2013-05-17 / Community

School could bail out city if state hands down cuts

By Jack Flagler
Staff Writer

SOUTH PORTLAND – South Portland’s school board and city council have, at times, struggled to remain on the same page in recent years. However, if state budget cuts slice $2.8 million from the municipal budget this year, as proposed in Gov. Paul LePage’s biennial budget, the school department may consider coming to the city’s aid.

The school board and city council met in a joint workshop May 9 to continue negotiating their respective budgets. The council informally approved the $43 million school budget, which then passed with a unanimous school board vote on Monday, May 13. Next, the council will officially vote to give its final stamp of approval Monday, May 20, before the budget goes to voters next month.

The $28.8 million municipal budget is not moving along as quickly. City Manager Jim Gailey said a “pause” is currently in effect, as city councilors and staff wait to see what the ramifications the state’s biennial budget has on municipalities around Maine.

Mayor Tom Blake said if the council was to move on the budget, send it to voters and then be faced with the elimination of the municipal revenue-sharing program, a possible $2.8 million hit, South Portland would be “decimated.” Blake guessed 35 to 40 layoffs may be necessary in that scenario.

“On the city side, we are stuck because Augusta is stuck. We’re kind of in limbo. This is my sixth budget I’ve done and I’ve never had to encounter this problem before. I feel like we’re kind of helpless,” Blake said.

Both councilors and school board members appeared split on whether the school department could help the city if the state enacts a significant cut to municipal funds. School board member James Gilboy supported Blake’s idea to explore the possibility of school board assistance if significant cuts affect the city’s budget.

“I have my eyes wide open to finding a solution that maintains the services in the city as well as maintains the programs in our school system, rather than closing the door and saying ‘No, you guys fend for yourselves,’ because I don’t think that’s the right approach,” Gilboy said.

Councilor Jerry Jalbert disagreed, explaining the two sides have “different missions” and therefore consolidation would be impossible. School board Chairman Rick Carter shared Jalbert’s view.

“I don’t see how we hold the schools back as the savings bank if the city has a huge cut. I’m having a problem with how you merge those two,” Carter said.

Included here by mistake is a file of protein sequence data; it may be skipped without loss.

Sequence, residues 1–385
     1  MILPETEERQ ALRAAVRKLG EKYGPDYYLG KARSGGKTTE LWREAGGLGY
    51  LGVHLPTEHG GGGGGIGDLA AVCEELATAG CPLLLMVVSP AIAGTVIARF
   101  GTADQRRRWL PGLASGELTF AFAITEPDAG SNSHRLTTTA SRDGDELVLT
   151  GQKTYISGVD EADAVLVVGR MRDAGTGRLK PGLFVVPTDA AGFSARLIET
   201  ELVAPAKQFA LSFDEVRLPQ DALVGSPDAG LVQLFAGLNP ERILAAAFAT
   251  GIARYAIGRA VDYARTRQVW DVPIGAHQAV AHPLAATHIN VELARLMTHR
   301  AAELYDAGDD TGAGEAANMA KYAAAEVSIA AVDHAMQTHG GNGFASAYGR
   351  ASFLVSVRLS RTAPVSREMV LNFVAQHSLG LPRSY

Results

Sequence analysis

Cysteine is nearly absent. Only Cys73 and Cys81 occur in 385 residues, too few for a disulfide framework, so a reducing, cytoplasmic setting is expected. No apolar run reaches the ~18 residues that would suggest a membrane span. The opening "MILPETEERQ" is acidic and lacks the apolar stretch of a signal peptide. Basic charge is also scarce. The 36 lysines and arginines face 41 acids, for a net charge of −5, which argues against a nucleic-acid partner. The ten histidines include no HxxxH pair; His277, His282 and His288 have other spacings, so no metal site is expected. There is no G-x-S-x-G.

Whatever solution the school board and city council find, former school board member Jeffrey Selser said the public hopes the two sides can put past differences behind them.

“I want you to wipe the slate clean. There’s been a lot of bad blood between the city council and the school board over the years and, quite frankly, the public is sick of it,” Selser said.

The source of the disagreements has varied over the years, from budget negotiations to, most recently, the school board’s decision to block the council’s appointment of Alan Livingston to the high school building committee. Selser said if the two sides can start fresh, the process will be easier.

“All of your thoughts and actions should begin with the premise that the other person is telling the truth and is honorable. If you begin with that premise and then move forward from that, I think we’ll have much better discourse,” Selser said.

For most of the two-hour workshop, councilors and school board members discussed the school board’s financial reports that came as a result of the council’s budget questions. Jalbert said he wasn’t sure about how the school board arrived at its budget each year, but after looking line-by-line through each of the more 600 employees, he was satisfied with the result.

“I appreciate all the extra effort,” Jalbert said.

Carter said although finding answers to councilors’ questions was labor-intensive, he was also pleased with the process.

“I don’t take it as offense; I don’t take it personally. I think it’s a positive step that the council is looking at this and saying here are our questions, putting them forward and giving us the opportunity to address them,” Carter said.

Should the council give final approval of the school budget, a voter referendum will take place Tuesday, June 11. Meanwhile, numerous tax bills have been proposed in Augusta as alternatives to LePage’s biennial budget proposal.

Whatever happens in coming weeks and months, Councilor Patti Smith said the city of South Portland will find a way to make the best of a bad situation.

“If hard times hit our city we will be resilient. We will figure out a way to get it done. We may have a lot of hurt coming toward us, but we have to get through it,” Smith said.

Want to comment on this story? Login to our website at sentry.mainelymediallc.com and let us know your thoughts.

Return to top